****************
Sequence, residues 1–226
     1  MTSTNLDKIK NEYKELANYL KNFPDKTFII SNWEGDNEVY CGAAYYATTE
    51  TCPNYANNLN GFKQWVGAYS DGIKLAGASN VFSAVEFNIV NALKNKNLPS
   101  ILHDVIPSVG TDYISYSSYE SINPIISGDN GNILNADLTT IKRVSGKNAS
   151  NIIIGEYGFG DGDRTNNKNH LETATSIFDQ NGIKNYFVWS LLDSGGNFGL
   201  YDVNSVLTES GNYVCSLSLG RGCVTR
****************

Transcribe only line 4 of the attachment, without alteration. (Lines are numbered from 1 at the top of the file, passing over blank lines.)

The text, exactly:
   101  ILHDVIPSVG TDYISYSSYE SINPIISGDN GNILNADLTT IKRVSGKNAS